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ABSTRACT: Classical genetic studies show the heritability of cigarette smoking is 0.4-0.6, and that multiple genes confer susceptibility and resistance to smoking. Despite recent advances in identifying genes associated with smoking behaviors, the major source of this heritability and its impact on susceptibility and resistance are largely unknown. Operant self-administration (SA) of intravenous nicotine is an established model for smoking behavior. We recently confirmed that genetic factors exert strong control over nicotine intake in isogenic rat strains. Because the processing of afferent dopaminergic signals by nucleus accumbens shell (AcbS) is critical for acquisition and maintenance of motivated behaviors reinforced by nicotine, we hypothesized that differential basal gene expression in AcbS accounts for much of the strain-to-strain variation in nicotine SA. We therefore sequenced the transcriptome of AcbS samples obtained by laser capture microdissection from 10 isogenic adolescent rat strains and compared all RNA transcript levels with behavior. Weighted gene co-expression network analysis, a systems biology method, found 12 modules (i.e., unique sets of genes that covary across all samples) that correlated (p<0.05) with amount of self-administered nicotine; 9 of 12 correlated negatively, implying a protective role. PCR confirmed selected genes from these modules. Chilibot, a literature mining tool, identified 15 genes within 1 module that were nominally associated with cigarette smoking, thereby providing strong support for the analytical approach. This is the first report demonstrating that nicotine intake by adolescent rodents is associated with the expression of specific genes in AcbS of the mesolimbic system, which controls motivated behaviors. These findings provide new insights into genetic mechanisms that predispose or protect against tobacco addiction.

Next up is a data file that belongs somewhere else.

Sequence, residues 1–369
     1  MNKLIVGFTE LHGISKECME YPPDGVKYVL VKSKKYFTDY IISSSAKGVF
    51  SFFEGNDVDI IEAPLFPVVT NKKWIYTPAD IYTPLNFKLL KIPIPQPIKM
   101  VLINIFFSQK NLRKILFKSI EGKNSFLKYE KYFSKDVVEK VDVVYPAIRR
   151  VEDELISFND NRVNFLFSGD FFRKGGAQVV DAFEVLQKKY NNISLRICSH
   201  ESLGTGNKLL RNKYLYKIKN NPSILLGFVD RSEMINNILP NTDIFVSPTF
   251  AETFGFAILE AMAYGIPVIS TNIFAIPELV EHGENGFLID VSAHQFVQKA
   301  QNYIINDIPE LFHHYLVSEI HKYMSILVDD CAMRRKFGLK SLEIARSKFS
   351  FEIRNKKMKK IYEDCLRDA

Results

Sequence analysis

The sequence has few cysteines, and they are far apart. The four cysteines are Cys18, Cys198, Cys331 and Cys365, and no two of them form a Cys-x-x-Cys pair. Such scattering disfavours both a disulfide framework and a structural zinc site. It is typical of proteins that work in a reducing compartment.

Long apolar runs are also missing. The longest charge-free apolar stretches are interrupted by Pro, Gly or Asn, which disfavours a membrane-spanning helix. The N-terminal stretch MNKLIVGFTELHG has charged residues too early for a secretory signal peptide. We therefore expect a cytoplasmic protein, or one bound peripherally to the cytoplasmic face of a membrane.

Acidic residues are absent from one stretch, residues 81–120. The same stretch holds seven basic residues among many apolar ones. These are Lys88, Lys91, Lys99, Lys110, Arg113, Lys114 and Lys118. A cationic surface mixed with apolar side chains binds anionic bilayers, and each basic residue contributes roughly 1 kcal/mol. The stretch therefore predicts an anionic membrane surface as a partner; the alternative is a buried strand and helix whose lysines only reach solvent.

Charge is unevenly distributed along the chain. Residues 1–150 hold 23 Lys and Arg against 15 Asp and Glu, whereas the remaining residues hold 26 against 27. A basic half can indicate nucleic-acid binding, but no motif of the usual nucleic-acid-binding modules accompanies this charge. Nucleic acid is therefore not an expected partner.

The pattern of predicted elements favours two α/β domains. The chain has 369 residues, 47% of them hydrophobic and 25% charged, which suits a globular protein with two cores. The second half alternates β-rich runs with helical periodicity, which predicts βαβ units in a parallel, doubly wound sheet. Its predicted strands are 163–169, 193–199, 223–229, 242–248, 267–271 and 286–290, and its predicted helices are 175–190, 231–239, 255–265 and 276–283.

PLoS ONE 01/2014; 9(1):e86214. DOI:10.1371/journal.pone.0086214 · 3.23 Impact Factor
Available from: Burt Sharp
- "Vsnl1 interacts directly with the alpha4 subunit of the most abundant brain nicotinic cholinergic receptor (nAChR), alpha4beta2, increasing the surface expression of functional receptors, depending on Ca 2+ concentration (Zhao et al., 2009b). In contrast, alpha7- containing nAChRs elicit a calcium-dependent membrane localization of Vsnl1 (Zhao et al., 2009a). The inward Ca 2+ current induced by nicotinic stimulation of alpha7 nAChRs (Berg et al., 2006) may drive the activation and membrane localization of Vsnl1 that is associated with upregulation of alpha4beta2 nAChRs. "